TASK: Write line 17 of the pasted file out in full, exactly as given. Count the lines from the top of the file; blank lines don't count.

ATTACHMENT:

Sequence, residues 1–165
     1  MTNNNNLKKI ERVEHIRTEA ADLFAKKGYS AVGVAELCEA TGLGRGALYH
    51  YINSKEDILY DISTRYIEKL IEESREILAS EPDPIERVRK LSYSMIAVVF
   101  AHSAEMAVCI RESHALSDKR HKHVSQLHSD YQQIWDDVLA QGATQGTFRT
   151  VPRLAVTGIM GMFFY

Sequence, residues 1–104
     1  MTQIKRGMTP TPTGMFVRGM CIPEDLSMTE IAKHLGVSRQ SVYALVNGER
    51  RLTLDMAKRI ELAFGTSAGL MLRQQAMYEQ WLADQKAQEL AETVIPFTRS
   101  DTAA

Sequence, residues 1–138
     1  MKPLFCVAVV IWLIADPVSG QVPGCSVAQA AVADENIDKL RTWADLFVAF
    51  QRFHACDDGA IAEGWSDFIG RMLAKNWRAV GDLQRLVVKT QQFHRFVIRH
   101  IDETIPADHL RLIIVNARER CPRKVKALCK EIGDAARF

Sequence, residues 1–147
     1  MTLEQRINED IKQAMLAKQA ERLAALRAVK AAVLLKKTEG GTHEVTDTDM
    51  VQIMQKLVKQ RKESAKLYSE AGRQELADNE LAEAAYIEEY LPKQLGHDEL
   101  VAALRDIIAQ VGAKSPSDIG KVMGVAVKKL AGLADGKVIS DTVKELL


   101  VAALRDIIAQ VGAKSPSDIG KVMGVAVKKL AGLADGKVIS DTVKELL